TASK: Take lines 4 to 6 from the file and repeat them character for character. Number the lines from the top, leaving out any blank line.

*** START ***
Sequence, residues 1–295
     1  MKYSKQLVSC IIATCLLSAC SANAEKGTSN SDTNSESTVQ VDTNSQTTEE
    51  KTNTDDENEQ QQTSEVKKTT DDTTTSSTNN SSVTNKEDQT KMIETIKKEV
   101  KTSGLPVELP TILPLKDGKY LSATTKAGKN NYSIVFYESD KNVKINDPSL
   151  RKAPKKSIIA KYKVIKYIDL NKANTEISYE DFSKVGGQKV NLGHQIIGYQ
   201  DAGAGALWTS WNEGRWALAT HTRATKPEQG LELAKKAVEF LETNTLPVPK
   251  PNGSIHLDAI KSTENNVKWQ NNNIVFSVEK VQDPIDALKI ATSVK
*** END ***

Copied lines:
   101  KTSGLPVELP TILPLKDGKY LSATTKAGKN NYSIVFYESD KNVKINDPSL
   151  RKAPKKSIIA KYKVIKYIDL NKANTEISYE DFSKVGGQKV NLGHQIIGYQ
   201  DAGAGALWTS WNEGRWALAT HTRATKPEQG LELAKKAVEF LETNTLPVPK